Military history


ON OCTOBER 24, 1938, less than a month after Munich, Ribbentrop was host to Józef Lipski, the Polish ambassador in Berlin, at a three-hour lunch at the Grand Hotel in Berchtesgaden. Poland, like Germany and indeed in connivance with her, had just seized a strip of Czech territory. The luncheon talk proceeded, as a German Foreign Office memorandum stressed, “in a very friendly atmosphere.”1

Nevertheless, the Nazi Foreign Minister lost little time in getting down to business. The time had come, he said, for a general settlement between Poland and Germany. It was necessary, first of all, he continued, “to speak with Poland about Danzig.” It should “revert” to Germany. Also, Ribbentrop said, the Reich wished to build a super motor highway and a double-track railroad across the Polish Corridor to connect Germany with Danzig and East Prussia. Both would have to enjoy extraterritorial rights. Finally, Hitler wished Poland to join the Anti-Comintern Pact against Russia. In return for all these concessions, Germany would be willing to extend the Polish–German treaty by from ten to twenty years and guarantee Poland’s frontiers.

Ribbentrop emphasized he was broaching these problems “in strict confidence.” He suggested that the ambassador make his report to Foreign Minister Beck “orally—since otherwise there was great danger of its leaking out, especially to the press.” Lipski promised to report to Warsaw but warned Ribbentrop that personally he saw “no possibility” of the return of Danzig to Germany. He further reminded the German Foreign Minister of two recent occasions—November 5, 1937, and January 14, 1938—when Hitler had personally assured the Poles that he would not support any change in the Danzig Statute.2 Ribbentrop replied that he did not wish an answer now, but advised the Poles “to think it over.”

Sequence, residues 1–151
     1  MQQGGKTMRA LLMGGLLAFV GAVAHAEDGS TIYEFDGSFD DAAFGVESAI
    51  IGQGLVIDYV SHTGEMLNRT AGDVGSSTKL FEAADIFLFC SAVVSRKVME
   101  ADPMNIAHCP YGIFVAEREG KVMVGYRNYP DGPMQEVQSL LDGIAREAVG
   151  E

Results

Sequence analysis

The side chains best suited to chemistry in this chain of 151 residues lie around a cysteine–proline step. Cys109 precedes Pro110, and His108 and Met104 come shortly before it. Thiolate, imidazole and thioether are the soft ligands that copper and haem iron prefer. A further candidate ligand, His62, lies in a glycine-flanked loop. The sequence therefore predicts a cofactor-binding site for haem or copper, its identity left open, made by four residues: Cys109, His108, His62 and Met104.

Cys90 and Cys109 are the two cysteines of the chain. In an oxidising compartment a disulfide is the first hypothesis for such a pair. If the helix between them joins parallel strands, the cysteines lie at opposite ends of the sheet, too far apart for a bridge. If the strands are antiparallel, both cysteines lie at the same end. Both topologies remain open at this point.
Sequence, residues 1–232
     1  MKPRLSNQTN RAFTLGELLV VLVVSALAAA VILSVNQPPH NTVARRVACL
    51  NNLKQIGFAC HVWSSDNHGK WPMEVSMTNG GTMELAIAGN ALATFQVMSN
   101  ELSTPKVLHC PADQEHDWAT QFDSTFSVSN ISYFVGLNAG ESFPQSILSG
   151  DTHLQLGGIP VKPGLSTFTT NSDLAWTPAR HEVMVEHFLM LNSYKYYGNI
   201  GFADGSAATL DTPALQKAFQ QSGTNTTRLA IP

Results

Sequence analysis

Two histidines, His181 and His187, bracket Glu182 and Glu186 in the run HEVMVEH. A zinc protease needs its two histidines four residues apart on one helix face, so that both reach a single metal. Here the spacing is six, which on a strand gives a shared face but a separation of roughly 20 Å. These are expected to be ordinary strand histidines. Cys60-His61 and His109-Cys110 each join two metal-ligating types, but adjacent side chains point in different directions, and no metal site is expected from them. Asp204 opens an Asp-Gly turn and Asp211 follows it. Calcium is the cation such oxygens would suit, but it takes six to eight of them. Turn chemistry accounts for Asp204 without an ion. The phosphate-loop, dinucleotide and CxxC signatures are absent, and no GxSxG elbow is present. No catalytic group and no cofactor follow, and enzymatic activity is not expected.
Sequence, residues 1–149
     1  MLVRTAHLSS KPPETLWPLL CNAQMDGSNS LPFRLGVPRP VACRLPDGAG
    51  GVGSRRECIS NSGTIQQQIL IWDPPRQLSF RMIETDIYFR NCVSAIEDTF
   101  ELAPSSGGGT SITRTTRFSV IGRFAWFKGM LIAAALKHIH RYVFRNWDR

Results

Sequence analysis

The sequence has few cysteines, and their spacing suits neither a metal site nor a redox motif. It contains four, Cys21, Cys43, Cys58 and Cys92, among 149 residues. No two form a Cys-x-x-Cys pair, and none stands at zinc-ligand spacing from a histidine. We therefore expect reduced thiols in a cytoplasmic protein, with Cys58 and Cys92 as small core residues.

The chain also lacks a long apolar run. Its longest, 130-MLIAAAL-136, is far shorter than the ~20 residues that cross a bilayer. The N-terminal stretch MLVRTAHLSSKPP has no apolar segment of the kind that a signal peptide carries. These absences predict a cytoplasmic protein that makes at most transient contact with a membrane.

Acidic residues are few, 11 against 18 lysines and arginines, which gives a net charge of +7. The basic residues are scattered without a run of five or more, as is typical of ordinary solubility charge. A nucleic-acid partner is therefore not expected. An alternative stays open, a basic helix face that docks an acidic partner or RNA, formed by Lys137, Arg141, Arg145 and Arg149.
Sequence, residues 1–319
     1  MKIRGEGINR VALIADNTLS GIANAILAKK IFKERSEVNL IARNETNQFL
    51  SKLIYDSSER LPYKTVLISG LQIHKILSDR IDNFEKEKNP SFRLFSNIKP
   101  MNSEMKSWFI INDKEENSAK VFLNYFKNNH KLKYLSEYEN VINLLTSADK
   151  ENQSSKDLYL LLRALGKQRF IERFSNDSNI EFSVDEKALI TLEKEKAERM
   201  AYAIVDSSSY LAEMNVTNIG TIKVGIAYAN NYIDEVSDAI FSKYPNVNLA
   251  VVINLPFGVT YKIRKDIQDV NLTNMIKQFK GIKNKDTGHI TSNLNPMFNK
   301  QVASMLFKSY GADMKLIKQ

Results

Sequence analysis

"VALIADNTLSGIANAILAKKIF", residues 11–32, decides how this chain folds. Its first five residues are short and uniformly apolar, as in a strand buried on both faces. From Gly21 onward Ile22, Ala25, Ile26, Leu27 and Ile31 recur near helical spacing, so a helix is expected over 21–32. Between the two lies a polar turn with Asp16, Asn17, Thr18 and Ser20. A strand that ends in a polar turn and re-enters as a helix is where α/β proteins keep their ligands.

The government in Warsaw did not need much time to collect its thoughts. A week later, on October 31, Foreign Minister Beck dispatched detailed instructions to his ambassador in Berlin on how to answer the Germans. But it was not until November 19 that the latter was able to secure an interview with Ribbentrop—the Nazis obviously wanted the Poles to consider well their response. It was negative. As a gesture of understanding, Poland was willing to replace the League of Nations’ guarantee of Danzig with a German–Polish agreement about the status of the Free City.

“Any other solution,” Beck wrote in a memorandum which Lipski read to Ribbentrop, “and in particular any attempt to incorporate the Free City into the Reich, must inevitably lead to conflict.” And he added that Marshal Pilsudski, the late dictator of Poland, had warned the Germans in 1934, during the negotiations for a nonaggression pact, that “the Danzig question was a sure criterion for estimating Germany’s intentions toward Poland.”